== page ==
Parham Park is an Elizabethan house and estate in the civil parish of Parham, west of the village of Cootham, and between Storrington and Pulborough, West Sussex, South East England. The estate was originally owned by the Monastery of Westminster and granted to Robert Palmer by King Henry VIII in 1540.
|Site of Special Scientific Interest|
|Area of Search||West Sussex|
|Area||263.4 ha (651 acres)|
|Natural England website|
The foundation stone was laid in 1577 by the 2-year-old Thomas Palmer, and Parham has been a family home ever since. Thomas Bishopp (later Sir Thomas Bishopp, 1st Baronet) bought Parham House in 1601. For over 300 years his descendants continued to live at Parham House Estate until January 1922. Then in 1922 the Hon. Clive Pearson, younger son of Viscount Cowdray, bought Parham from Mary,17th Baroness Zouche in her own right, and he and his wife Alicia opened the house to visitors in 1948, after the Second World War when it had also been home to evacuee children and Canadian soldiers.
Off the Long Gallery at the top of the house there is an exhibition which touches on the period between 1922 and 1948, with many family photographs as well as photographs of the building works which took place during that time.
Mr and Mrs Pearson, followed by their daughter Veronica Mary Tritton (died 1993), spent more than 60 years restoring Parham and filling it with a collection of period furniture, paintings and textiles, also acquiring items that had originally belonged to the house. There is a particularly important collection of early needlework, including bed hangings supposed to have been worked by Mary, Queen of Scots. During the Second World War, the house was home to 30 children evacuated from Peckham in London. In June 1942, the War Department requisitioned the house and estate, relocating the evacuees to make way for the 1st, 2nd and 3rd Canadian Infantry Divisions. After the Second World War, the house was opened to the public.
Lady Emma Barnard, the daughter of Benjamin Guinness, 3rd Earl of Iveagh, inherited the house from Mrs Tritton, who was her great-aunt, and lives in one wing with her family. Now owned by a charitable trust, Parham House and Gardens are surrounded by 875 acres (3.54 km2) of working agricultural and forestry land.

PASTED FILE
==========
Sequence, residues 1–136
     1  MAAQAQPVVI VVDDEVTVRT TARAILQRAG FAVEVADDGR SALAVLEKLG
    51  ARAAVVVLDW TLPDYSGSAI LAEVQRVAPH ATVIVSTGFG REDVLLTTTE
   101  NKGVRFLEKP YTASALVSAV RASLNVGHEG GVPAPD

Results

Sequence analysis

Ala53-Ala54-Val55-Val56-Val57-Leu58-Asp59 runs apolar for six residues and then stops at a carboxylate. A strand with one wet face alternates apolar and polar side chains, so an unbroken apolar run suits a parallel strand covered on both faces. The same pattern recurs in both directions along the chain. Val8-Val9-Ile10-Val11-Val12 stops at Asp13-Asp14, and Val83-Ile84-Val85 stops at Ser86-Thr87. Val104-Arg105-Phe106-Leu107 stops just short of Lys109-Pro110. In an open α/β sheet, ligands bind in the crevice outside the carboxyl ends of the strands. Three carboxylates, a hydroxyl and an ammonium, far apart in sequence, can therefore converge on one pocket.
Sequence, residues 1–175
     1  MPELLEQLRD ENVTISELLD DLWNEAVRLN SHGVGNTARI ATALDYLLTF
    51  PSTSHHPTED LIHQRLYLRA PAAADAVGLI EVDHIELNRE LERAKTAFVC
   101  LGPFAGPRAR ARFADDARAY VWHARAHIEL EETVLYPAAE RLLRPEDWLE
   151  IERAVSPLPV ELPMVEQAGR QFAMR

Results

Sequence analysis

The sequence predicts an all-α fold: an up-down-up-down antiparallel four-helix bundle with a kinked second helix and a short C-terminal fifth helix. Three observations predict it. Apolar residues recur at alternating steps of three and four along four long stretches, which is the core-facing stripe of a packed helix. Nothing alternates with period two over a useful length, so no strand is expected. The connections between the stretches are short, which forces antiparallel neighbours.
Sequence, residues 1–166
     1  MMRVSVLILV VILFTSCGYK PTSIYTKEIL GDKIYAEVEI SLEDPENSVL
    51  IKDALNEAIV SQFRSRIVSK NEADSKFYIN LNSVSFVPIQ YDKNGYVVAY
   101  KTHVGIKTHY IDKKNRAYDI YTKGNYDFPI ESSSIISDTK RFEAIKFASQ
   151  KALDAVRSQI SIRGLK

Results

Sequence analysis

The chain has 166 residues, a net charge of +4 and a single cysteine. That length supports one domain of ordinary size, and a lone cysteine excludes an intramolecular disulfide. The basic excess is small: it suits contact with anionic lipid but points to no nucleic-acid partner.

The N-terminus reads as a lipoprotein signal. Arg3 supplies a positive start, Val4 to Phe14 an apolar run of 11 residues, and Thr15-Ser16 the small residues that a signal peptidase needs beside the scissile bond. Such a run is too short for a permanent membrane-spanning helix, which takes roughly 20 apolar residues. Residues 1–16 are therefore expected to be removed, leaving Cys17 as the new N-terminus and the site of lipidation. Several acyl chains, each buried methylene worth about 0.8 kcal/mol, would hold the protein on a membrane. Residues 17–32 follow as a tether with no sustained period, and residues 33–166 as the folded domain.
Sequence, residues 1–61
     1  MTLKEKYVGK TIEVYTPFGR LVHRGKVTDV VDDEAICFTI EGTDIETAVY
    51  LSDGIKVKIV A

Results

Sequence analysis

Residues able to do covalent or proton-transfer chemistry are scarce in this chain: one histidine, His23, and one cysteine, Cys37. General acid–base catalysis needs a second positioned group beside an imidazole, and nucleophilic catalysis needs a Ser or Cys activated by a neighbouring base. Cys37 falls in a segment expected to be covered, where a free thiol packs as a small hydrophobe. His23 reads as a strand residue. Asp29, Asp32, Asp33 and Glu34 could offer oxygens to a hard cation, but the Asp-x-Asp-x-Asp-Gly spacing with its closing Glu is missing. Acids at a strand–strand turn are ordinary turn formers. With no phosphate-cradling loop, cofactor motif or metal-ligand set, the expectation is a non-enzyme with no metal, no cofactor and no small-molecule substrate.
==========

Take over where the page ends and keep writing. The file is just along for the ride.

The radical reformer Henry 'Orator' Hunt was buried on Saturday 21 February 1835 in the churchyard of St Peter's Church in Parham Park. The Times published a lengthy report of the funeral.
Around the house stretches 300 acres (1.2 km2) of ancient deer park whose Fallow Deer are descendants of the original herd first recorded in 1628. Parham Park SSSI is a Site of Special Scientific Interest. It has special biological interest for its epiphytic lichen flora, as an area for two rare beetles and its large heronry.
Parham House had connections with an infamous smuggling raid on the Customs House at Poole in 1747 by the notorious Hawkhurst Gang. The body of one of the other smugglers was later found in the pond of the Parham House estate after being dumped there some 12 miles from where he had been beaten to death by his accomplices.
The 1995 film Haunted by British director Lewis Gilbert was filmed extensively at Parham. It is based on a novel of the same name by James Herbert, who had strong connections to Sussex, residing at the time of his March 2013 death in Woodmancote, West Sussex.
- Mary Cecil Frankland née Curzon (1875-1965), 17th Baroness Zouche in her own right, wife of Sir Frederick Frankland 10th Baronet
- Boudicca Fox-Leonard (18 March 2018). "Inside Parham, the grand Elizabethan mansion whose spirit 'needed protecting'". The Telegraph. Retrieved 11 October 2019.
- Jeanne Schnitzler; Ginny Ross (1 January 1977). New dimensions in needlework. Prentice-Hall. ISBN 978-0-13-612622-5.
- "Parham Park citation" (PDF). Sites of Special Scientific Interest. Natural England. Retrieved 7 May 2019. CS1 maint: discouraged parameter (link)
- "Haunted(1995) Filming Locations". IMDb. Retrieved 15 June 2014. CS1 maint: discouraged parameter (link)